Posted on Feb 11, 2021
2LT Platoon Leader
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The answer is obviously never. When the Soldier in question is an NCO, its is equally important. Today, I had an NCO, the only female Soldier in my PLT, tell me she had no trust in the unit because of past leader actions. I'm a new PL, but I had spent the last 24+ hours trying to accommodate to her situation (CQ, BH, training requirements) in light of the mission in a way that I felt was reasonable. I was met with attitude, apathy, and strong elements of insubordination. COVID, the overall mission, and a shortage of NCOs have introduced more complex variables than I have never encountered. However, I was dumbfounded by an NCO that could not grasp her duty.

She was scheduled for a 24 CQ shift. She also was part of a crew that needed to certify in the next couple weeks, and her crew had not had time to train properly. I suggested she train during the day she had CQ. My plan was for her to train during the day with a 5 hour break before she would resume CQ, and this was unacceptable to her. We found a compromise where she would go train for 1 HOUR, but she still told us she did not trust us because we "put the mission before Soldiers." This was a smack in the face given my efforts to disagree with other NCOs, me trying to consider all elements of the situations.

Any thoughts? Questions are also welcome.
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SFC Observer   Controller/Trainer (Oc/T)
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Edited 4 mo ago
When do you give up on a Soldier? The answer is certainly not "never".
In short, when one Soldier is consuming their respective leaderships time and attention to the point that the rest of the Soldiers in that leaderships charge is being neglected, it's time to consider chaptering that Soldier.
The old adage of "ten percent of our Soldiers occupying 90% of our time" is a well intentioned, but flawed thing to accept.
All Soldiers are entitled to leadership, mentorship and guidance. Not just our problem children. When one member of the unit is causing the rest of the units morale and readiness to decline by making the leadership absentee parents to the rest of the unit, it's time to go.
It's not abandonment. All the attention and wishful thinking in the world will not turn a cancer into a kidney or liver.
The unit deserves leadership that will remove cancer instead of allowing it to metastasize.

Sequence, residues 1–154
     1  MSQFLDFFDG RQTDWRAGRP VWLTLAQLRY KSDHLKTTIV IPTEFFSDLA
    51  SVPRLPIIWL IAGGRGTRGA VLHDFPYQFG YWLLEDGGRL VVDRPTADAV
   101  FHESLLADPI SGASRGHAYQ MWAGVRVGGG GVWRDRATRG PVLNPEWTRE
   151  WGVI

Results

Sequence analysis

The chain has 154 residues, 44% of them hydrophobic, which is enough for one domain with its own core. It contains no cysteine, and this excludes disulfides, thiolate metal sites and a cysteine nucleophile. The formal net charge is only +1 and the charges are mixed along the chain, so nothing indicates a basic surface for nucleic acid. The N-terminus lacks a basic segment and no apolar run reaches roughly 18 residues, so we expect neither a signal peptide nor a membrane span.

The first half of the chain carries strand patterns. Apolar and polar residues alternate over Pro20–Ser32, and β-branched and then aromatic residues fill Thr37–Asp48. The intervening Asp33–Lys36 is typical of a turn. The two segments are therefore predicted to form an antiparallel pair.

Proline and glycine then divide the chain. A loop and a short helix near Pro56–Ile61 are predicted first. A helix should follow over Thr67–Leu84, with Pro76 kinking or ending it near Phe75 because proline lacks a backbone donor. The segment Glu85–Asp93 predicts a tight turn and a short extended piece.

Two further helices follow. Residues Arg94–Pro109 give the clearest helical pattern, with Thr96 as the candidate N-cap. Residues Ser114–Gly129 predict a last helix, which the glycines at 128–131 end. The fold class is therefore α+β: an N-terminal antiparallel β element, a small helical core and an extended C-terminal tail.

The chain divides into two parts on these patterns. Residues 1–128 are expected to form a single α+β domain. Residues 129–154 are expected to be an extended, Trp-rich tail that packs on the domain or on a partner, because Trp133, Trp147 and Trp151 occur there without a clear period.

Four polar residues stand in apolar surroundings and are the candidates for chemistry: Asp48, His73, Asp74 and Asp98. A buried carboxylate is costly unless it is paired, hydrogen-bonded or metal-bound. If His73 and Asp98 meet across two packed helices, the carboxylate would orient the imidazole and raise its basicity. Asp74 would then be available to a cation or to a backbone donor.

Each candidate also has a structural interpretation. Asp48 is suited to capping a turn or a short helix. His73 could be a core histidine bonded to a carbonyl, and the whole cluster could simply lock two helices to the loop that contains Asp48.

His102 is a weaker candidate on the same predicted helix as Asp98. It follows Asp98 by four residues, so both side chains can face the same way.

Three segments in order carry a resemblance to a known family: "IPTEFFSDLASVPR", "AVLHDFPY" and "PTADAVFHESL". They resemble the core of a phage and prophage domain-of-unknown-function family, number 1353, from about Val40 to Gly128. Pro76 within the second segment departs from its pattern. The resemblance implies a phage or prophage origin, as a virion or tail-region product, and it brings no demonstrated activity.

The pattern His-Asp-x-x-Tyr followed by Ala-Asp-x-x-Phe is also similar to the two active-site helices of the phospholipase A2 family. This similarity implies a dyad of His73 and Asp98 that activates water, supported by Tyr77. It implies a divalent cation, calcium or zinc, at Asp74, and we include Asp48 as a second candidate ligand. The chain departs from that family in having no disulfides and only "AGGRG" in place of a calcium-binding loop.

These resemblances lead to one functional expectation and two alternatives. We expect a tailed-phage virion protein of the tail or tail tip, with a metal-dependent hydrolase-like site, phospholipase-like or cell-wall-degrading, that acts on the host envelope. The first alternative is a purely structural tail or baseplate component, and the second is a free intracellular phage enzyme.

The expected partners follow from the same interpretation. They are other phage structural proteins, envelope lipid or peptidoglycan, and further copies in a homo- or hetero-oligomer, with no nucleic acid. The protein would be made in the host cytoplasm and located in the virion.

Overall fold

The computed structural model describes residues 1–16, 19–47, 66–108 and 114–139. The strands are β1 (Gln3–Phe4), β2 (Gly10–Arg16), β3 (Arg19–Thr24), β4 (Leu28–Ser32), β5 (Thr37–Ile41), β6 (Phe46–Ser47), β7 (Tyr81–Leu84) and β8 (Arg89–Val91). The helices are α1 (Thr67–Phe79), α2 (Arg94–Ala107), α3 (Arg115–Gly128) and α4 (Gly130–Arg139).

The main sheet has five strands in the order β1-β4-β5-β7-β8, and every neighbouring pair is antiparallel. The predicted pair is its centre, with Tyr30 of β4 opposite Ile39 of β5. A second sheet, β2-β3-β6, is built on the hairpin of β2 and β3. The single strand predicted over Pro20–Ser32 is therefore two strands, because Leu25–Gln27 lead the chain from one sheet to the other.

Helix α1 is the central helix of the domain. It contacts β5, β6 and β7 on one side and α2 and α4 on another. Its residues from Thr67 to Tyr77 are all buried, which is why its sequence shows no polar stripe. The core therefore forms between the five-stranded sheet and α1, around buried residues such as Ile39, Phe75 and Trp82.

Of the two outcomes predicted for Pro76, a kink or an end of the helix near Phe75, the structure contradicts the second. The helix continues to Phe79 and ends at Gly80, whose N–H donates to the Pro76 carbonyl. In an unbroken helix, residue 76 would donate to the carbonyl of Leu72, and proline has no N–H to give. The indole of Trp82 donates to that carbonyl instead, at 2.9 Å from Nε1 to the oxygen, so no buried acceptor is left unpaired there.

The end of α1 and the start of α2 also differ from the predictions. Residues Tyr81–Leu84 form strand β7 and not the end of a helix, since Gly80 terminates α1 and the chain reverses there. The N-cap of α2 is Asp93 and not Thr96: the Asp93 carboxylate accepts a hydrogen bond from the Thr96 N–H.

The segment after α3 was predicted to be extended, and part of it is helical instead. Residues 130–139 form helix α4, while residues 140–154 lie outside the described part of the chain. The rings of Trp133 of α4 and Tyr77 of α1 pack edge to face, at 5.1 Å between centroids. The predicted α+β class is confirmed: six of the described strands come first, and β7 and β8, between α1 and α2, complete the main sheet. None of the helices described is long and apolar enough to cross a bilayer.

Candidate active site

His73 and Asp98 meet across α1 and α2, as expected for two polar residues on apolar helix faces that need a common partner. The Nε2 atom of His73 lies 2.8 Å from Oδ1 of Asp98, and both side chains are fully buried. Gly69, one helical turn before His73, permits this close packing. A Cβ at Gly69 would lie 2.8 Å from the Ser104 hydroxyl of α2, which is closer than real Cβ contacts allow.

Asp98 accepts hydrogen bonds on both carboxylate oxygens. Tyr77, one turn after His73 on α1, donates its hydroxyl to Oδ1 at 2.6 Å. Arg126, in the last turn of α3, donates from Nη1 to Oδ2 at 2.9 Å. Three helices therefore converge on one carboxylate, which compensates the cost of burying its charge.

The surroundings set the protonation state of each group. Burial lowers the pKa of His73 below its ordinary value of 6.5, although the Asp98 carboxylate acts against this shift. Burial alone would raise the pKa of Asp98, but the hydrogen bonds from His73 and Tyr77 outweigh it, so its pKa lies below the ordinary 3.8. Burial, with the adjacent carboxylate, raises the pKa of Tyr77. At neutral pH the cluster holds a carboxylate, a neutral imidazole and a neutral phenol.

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CPT Consultant
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Well said!
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SFC Senior Brigade Career Counselor
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The Army doesn't run on cliches and motivation, that stops working after Basic. The Army runs on reality and finite resources. The most finite resource of those is time, you cannot allow one Soldier to absorb all the time that other Soldiers deserve and need.
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SP5 Field Artillery Radar Crewmember
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As I learned during my short time in the US Army, and later my lifetime career, everyone pulls their weight, or they get "recycled."
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MSgt Steve Sweeney
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Do not accommodate. Down that path lies heartache. You let your subordinates know that you are not your predecessor and do not expect to be judged on the actions of your predecessor any more than you would judge them by the actions of your other subordinates. I would say that would be the extent of explaining of your actions you need to do. Hold them to standards fairly and firmly. Tell her that you do put the mission before soldiers because that is how the military works and remind her she is there to serve, not to be served. There is no requirement that they like this arrangement, only that they acknowledge it and conform to the standards why still under obligation of service. They are not required to reenlist at the end of their contract, but they are under contract.

It is said God helps those that help themselves, and you are not God, so don't set a higher standard for yourself, nor for this individual.
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